Four years have gone by since I lost Gogo. Four years applying the salve of time really does do wonders for your hurts. When you lose something that dear to you, it may feel like you'll be never okay again, but someday you will be. You won't ever be the same again, but you will feel much better in time.
Gogo's death changed everything. Losing her was utterly worst-case-scenario for me. When I lost Metro to his massive suspensory injury, I vowed to make sure that the next one I found was the soundest, nicest horse I could find. I looked for the better part of a year before I found Gogo. I traveled around the country. I turned horses with iffy prepurchases down. Gogo ended up being right around the corner from where I was living in PA at the time, and her prepurchase was immaculate save for her one clubbier foot. She needed a lot of training but otherwise she was a clean slate. I was convinced nothing would ever happen to her. I was very careful with her. When she did injure herself, I spent every waking moment carefully bringing her back, obsessing over her care. I successfully brought her back twice, only to have her reinjure twice. Two years of failed rehab later, and everything I had hoped for, everything I had struggled to keep all fell apart. Despite everything, everything I did, I still lost her. Gogo was everything to me - the only thing that mattered - and losing her left me completely shellshocked. She factored into every major life decision I made. She was the only thing I cared about. At the time, I described losing her as being forcefully cut in half, with the remaining piece of me being thrown back out into the world to try and relearn how to live again.
And I did learn. And I did change. Everything is different now and a lot has happened in the four years since I lost her. I've been around a lot tragedy in my life, and seen a lot of extremely gross and gruesome deaths, but Gogo's death stands out in my mind as the worst. She died peacefully and quietly, but it was the hardest for me to deal with. Every death after hers has been easier for me to process - including the deaths of my two elderly dogs - I think because Gogo's just left me utterly shellshocked and completely rattled. When you do everything in your power to make sure something never happens again, and that thing *still* happens despite being 100% nonstop obsessed with trying to prevent it... it changes you. I think it's part of the reason I have as many equines as I do now - having several at once takes the intense focus off of just one. Looking back this far out, I can say that I think the burning total involvement that I gave to Gogo was not totally healthy for me. Then again, I think part of the reason I've not seen the same kind of success since is because I don't have the same kind of crazed maniacal fire directed exclusively at one animal. Although, now that I think about it, I *have* had a lot of success with O and have a good 30 or so blue and red and yellow (and one sad white) ribbons hanging on the wall, including two Reserve Champ and three Champion ribbons, which is three more Champion ribbons than I ever won with Gogo. So, maybe I am wrong there. I don't know.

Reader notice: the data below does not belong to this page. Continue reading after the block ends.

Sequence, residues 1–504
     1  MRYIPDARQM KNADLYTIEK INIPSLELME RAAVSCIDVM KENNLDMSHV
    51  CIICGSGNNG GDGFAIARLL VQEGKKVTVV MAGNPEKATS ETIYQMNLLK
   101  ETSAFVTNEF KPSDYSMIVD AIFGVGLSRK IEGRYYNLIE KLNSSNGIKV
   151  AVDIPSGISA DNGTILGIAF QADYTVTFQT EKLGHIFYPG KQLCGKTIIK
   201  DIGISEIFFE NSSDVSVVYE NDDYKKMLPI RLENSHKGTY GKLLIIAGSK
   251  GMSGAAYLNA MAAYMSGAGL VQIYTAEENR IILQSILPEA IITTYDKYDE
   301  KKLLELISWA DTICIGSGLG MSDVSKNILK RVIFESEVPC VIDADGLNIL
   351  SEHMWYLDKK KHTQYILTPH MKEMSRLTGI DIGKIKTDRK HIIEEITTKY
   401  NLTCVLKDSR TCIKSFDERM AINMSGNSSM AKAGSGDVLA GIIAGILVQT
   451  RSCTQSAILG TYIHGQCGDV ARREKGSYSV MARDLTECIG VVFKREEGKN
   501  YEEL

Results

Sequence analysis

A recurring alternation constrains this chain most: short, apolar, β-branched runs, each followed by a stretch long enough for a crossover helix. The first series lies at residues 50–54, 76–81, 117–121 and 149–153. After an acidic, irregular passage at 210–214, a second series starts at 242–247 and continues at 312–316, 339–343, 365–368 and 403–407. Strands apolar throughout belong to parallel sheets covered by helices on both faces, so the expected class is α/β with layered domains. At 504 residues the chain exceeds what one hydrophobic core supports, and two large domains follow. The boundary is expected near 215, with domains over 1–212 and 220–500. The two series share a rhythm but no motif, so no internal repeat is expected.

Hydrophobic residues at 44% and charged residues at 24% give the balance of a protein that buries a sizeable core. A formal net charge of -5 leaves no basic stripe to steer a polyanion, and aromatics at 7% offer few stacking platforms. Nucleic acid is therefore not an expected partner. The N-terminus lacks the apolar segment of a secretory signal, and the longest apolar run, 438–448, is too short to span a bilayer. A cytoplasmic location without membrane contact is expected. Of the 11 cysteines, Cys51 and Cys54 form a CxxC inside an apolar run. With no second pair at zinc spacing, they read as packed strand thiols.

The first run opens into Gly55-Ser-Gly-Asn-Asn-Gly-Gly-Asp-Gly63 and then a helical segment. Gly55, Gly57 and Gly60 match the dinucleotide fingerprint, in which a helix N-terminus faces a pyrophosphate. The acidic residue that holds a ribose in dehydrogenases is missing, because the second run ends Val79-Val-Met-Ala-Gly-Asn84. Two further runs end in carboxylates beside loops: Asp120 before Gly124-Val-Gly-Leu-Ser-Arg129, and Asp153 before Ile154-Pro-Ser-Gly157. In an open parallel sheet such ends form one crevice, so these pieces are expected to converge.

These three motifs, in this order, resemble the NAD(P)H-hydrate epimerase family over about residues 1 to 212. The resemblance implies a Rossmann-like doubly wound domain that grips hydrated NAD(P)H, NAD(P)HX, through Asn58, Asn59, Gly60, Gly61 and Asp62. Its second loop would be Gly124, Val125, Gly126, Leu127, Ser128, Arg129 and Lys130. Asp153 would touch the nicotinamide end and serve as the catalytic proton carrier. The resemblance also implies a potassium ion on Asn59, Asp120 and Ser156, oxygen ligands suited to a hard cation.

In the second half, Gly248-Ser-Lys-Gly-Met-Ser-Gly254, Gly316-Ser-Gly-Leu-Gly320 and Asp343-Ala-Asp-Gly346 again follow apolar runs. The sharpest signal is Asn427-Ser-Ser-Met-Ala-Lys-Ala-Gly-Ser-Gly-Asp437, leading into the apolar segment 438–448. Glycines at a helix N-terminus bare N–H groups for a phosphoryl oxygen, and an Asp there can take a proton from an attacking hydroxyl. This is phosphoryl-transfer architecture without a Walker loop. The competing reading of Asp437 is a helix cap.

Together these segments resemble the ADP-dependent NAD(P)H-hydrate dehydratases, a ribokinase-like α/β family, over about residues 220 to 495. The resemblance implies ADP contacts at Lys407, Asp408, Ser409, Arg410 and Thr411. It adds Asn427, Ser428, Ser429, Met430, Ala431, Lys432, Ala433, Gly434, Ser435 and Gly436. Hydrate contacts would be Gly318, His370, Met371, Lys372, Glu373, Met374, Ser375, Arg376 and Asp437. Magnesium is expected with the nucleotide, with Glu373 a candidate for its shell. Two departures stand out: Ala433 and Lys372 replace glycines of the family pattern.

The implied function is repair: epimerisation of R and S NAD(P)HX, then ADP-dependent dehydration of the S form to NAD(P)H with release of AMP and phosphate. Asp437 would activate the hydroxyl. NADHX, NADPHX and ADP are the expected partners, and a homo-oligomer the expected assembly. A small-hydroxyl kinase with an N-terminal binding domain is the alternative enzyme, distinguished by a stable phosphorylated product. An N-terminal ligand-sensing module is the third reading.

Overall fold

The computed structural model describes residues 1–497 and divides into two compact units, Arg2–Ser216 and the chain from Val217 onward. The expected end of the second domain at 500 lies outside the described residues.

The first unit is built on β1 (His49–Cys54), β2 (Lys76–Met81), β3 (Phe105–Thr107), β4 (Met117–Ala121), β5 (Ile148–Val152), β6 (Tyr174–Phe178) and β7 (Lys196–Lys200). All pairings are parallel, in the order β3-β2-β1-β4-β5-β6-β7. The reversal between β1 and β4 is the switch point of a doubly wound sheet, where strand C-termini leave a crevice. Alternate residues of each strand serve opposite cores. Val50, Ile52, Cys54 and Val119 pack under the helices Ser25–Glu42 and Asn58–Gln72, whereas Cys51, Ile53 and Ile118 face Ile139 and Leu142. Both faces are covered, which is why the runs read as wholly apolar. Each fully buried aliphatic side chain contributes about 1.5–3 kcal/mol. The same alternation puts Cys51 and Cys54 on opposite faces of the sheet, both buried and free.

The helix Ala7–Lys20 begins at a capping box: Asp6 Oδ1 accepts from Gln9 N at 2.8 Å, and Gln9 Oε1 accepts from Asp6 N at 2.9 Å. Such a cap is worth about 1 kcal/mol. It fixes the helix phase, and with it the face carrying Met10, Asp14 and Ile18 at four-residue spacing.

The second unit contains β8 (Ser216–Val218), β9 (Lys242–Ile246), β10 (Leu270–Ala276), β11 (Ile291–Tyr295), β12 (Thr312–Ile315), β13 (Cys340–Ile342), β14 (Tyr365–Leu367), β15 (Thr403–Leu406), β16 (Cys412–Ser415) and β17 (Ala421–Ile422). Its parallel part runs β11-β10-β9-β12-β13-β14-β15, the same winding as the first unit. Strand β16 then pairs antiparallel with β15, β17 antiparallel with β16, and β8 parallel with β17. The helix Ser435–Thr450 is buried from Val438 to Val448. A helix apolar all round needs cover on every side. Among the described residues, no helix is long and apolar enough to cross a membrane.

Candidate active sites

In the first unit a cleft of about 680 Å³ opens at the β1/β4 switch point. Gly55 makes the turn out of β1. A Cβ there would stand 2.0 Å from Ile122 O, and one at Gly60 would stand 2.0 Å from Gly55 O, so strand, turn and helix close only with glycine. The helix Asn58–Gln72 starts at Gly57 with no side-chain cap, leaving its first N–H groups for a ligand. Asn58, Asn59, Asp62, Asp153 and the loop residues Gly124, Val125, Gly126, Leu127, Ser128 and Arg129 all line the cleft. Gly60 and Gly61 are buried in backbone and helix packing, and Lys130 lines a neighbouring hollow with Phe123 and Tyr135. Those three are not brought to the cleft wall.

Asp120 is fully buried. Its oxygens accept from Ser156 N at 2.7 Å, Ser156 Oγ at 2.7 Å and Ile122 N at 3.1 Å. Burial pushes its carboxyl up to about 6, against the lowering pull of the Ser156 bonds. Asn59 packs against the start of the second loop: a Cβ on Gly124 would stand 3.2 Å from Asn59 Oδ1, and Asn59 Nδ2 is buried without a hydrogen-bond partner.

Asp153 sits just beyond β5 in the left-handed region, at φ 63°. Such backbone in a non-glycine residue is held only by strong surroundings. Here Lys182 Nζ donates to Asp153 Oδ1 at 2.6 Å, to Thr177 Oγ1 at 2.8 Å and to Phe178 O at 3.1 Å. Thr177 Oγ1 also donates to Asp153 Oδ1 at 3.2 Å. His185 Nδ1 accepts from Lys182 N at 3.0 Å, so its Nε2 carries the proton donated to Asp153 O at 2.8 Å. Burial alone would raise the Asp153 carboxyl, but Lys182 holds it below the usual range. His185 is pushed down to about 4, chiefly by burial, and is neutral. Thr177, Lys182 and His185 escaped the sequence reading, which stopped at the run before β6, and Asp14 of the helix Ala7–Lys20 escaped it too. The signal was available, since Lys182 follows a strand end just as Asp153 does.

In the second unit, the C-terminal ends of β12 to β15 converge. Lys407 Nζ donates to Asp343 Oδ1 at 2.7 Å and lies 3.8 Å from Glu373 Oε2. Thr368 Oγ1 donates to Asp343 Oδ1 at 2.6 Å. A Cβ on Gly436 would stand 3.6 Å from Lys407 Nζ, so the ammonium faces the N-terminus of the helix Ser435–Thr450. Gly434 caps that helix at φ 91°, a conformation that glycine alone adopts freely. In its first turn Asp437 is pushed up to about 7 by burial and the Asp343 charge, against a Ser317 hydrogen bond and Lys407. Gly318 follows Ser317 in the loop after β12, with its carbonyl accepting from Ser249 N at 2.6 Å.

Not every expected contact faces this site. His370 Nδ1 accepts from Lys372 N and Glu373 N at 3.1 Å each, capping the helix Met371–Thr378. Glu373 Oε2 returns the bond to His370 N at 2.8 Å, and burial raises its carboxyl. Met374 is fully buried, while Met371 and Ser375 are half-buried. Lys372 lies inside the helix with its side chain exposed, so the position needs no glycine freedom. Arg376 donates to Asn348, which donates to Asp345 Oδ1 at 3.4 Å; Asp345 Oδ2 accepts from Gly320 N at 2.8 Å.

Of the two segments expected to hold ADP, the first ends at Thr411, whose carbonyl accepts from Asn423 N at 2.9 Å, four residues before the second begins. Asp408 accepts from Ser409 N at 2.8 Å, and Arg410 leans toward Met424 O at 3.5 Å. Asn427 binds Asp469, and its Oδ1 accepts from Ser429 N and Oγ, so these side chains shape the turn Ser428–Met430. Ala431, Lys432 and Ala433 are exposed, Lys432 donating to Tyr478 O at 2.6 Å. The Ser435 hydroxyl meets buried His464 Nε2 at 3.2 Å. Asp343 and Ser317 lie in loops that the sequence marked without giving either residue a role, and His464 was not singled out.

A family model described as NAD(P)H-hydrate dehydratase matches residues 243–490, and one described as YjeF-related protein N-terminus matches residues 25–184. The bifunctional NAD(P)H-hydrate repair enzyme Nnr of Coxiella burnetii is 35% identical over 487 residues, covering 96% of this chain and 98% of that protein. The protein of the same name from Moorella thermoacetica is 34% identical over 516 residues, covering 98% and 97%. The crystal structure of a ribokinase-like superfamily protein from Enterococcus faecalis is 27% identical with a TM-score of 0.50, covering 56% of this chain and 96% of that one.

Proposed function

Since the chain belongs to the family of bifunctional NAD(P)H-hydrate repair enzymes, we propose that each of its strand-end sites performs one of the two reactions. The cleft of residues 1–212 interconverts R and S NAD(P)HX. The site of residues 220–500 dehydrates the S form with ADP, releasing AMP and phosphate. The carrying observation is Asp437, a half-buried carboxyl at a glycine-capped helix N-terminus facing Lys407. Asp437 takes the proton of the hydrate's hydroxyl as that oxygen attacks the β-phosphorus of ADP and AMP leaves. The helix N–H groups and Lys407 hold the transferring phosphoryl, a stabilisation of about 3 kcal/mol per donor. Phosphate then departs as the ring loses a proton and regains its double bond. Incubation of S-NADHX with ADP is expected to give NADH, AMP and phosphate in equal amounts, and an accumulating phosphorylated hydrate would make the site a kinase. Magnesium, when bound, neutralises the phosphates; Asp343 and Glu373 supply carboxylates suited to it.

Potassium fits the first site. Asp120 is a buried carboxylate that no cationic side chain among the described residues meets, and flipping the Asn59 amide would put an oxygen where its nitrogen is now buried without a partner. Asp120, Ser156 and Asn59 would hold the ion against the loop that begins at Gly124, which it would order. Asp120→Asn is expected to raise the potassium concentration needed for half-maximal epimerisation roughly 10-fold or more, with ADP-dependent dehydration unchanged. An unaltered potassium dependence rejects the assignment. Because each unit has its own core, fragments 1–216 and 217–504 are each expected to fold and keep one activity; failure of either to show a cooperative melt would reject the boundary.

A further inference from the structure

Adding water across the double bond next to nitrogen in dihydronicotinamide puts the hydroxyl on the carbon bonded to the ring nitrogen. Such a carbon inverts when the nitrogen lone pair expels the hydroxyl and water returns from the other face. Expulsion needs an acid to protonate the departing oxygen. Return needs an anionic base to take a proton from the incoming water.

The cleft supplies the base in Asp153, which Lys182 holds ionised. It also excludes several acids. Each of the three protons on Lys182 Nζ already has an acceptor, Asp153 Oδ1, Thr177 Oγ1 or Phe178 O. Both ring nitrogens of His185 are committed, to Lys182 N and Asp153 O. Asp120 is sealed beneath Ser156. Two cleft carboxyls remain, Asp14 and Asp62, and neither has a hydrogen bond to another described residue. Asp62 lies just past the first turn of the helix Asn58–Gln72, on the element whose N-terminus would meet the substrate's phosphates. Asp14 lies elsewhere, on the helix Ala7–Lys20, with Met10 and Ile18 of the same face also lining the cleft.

But I am different now. I put a lot of time and resources into my business, which takes away some of my pony obsession time. I am not quite as young and limber as I was ten years ago, and now at the age of 30 I realize that I only have one body and I need to make it last the rest of my life. I smashed it up pretty good when I was younger and never thought anything of it, but I've started to realize that I am not quite so bulletproof anymore. Some days I am too tired and sore to ride or drive at all. That was definitely not a problem when I had Gogo - I would just bounce up and go. I wonder, would these things all be the same if Gogo was still here and I didn't have any other horses? I don't really know.
It isn't something I dwell on though, with her or any other lost thing in my life. I don't see much reason to play the what-if? game with myself. I played it when Gogo died - what if I had done this different? Or this? Or changed this? Or not done this? And in the end, none of that matters at all. What's done is done, and it can't be changed now. I am happy to be where I am, doing what I am doing, and love the horses I am with now. O has brought me her own hilarity, stories, successes, failures, highs, and lows. I love and cherish all of my horses, but that red mare is just my girl. I may not have ever found her, or any of my other horses, if Gogo was still here - so in a way, I have her to thank for all of them.
I guess the point of all this babble is this: time really does help the heart heal. Gogo led me to so many wonderful things and I am so much to be thankful for, all because of her. I'm not the same - I will never be the same - but that's okay, because our life experiences shape our personalities and we should never be too sad to add new layers to ourselves, so long as we focus on the positive things. And our dead loved ones will never really be gone, as long as we remember them and honor them and carry them along in our hearts.
Go tell your ponies that you are thankful for them every day. They may not speak the same language as us, but they understand what you mean when you tell them.